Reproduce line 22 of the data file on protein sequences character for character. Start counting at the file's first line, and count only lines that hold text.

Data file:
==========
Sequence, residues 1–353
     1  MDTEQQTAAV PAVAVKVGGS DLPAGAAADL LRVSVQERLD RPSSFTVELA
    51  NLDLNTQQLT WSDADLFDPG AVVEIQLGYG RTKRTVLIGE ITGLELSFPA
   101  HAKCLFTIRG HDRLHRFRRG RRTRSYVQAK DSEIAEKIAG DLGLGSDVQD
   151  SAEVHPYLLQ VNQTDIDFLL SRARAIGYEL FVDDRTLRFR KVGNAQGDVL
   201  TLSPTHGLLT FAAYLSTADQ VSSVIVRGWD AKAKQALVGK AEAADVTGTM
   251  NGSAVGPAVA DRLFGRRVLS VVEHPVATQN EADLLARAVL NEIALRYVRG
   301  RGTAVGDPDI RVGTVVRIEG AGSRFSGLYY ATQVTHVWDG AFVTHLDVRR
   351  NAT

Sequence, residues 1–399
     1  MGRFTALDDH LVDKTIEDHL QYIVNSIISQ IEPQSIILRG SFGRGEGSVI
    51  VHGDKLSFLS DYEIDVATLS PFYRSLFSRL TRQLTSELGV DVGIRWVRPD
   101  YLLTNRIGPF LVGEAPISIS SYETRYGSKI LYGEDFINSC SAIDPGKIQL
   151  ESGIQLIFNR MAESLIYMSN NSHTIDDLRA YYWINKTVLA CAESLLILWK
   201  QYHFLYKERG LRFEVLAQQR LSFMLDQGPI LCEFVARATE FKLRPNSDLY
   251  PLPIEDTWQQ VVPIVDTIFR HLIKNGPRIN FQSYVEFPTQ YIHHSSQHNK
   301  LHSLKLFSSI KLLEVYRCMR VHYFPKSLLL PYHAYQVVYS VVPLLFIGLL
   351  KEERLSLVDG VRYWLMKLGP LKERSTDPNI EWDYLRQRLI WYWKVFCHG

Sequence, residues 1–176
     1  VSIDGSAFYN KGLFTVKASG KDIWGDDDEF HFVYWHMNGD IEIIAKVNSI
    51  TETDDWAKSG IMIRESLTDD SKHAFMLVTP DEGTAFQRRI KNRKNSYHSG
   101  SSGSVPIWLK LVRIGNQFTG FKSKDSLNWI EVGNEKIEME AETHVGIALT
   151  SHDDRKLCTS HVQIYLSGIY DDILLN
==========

   101  SSGSVPIWLK LVRIGNQFTG FKSKDSLNWI EVGNEKIEME AETHVGIALT